It’s rare that a television network or television show would encourage its audience to read a book. TV and the written word are in direct opposition of each other, mortal enemies, and ever since the television was invented, the written word has waned in popularity. Lost is not your typical television series, however, and today’s announcement of a “Lost Book Club” only further proves this fact. As any fan of Lost is well-aware, the series is filled to the brim with literary references and, literally, the appearance of classic books. On Lost, characters read. On Lost, what characters read can often inform the action on the series. The Lost Book Club is an informal sort of thing, and can be found on ABC’s Lost homepage, where a multitude of books are listed and categorized. For each book, you’ll be given its relevance within the Lost canon (i.e. where it actually popped up on the show), a synopsis of the book itself, and a link to a message board where you can discuss the book and its significance with other Lost fans.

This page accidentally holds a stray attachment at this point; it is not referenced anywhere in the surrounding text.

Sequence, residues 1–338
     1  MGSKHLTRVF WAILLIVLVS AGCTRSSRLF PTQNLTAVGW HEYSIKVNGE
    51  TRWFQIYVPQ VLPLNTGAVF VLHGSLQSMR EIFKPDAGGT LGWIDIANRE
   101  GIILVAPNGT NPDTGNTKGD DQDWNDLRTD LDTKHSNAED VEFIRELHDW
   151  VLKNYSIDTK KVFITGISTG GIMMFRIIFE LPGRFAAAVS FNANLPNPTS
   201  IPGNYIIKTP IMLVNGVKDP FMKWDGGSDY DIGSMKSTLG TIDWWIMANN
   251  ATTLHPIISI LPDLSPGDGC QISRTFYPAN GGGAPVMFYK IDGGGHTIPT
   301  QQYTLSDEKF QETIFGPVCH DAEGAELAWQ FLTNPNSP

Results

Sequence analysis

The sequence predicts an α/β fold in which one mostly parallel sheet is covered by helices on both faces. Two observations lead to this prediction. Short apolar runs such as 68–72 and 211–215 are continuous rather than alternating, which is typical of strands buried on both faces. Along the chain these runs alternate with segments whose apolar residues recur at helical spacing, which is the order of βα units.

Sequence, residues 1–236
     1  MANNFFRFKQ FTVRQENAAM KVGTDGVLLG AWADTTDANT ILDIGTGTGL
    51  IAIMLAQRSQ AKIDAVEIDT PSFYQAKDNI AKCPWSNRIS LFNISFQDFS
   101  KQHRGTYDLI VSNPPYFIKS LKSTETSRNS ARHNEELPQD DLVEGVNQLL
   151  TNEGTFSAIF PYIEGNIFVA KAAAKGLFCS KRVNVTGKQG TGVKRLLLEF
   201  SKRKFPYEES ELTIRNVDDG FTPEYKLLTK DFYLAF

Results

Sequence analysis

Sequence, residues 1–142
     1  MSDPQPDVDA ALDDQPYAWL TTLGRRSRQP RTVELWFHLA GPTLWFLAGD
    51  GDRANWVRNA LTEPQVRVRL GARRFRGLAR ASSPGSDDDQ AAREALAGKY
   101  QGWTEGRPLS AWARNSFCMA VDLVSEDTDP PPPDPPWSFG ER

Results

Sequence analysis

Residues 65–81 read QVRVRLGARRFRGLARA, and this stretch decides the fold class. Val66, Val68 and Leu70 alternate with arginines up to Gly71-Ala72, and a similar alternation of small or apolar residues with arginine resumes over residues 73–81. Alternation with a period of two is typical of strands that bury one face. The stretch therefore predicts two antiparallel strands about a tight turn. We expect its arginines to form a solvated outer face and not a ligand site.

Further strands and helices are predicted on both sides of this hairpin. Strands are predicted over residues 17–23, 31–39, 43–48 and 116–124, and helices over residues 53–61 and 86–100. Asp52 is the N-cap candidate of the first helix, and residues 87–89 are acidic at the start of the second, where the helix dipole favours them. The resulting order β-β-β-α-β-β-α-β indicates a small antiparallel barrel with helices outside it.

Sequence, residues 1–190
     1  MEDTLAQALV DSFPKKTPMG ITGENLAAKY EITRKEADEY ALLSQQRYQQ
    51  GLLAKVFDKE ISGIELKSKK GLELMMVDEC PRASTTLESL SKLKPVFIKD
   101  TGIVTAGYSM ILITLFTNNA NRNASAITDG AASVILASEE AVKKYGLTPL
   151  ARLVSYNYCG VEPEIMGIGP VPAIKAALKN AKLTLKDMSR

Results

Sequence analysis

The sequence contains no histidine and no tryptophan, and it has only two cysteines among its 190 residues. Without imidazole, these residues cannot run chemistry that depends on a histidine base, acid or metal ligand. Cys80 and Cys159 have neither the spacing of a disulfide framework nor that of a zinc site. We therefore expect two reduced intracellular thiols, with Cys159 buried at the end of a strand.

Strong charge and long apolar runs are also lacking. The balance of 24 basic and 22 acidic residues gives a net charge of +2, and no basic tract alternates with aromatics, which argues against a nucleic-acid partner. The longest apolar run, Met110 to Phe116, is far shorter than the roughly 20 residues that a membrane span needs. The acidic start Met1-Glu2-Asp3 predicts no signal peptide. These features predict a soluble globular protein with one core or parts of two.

Damon Lindelof, Carlton Cuse and the rest of the Lost team just do it better than everyone else, don’t they? Lost fans are lucky to have a creative team that is so invested in their series and motivated to please their fans at every turn. The extra-curricular Lost activities are key in keeping fans satisfied in the extra-long wait between seasons. The “Lost Book Club” is just another example of giving the Lost fans something to do, something to discuss between seasons. Now, lest we go too over-the-top, the book club idea isn’t the most difficult thing to put together (they basically listed the books on a website), but it’s still a cool thing for fans to do. And, if it gets people reading who don’t read much, that’s always a good thing.
Lost, probably more so than any other current TV series, is structured like an intense sci-fi novel. The narrative structure, the flashbacks, the attention to detail and the lingering mysteries – it’s a novel. Like many novels, as well, I suspect that the journey will itself be more satisfying than the actual ending. Which is fine by me – I’m having a lot of fun.
-Oscar Dahl, BuddyTV Senior Writer
Source: TVSquad, ABC
(Image Courtesy of ABC)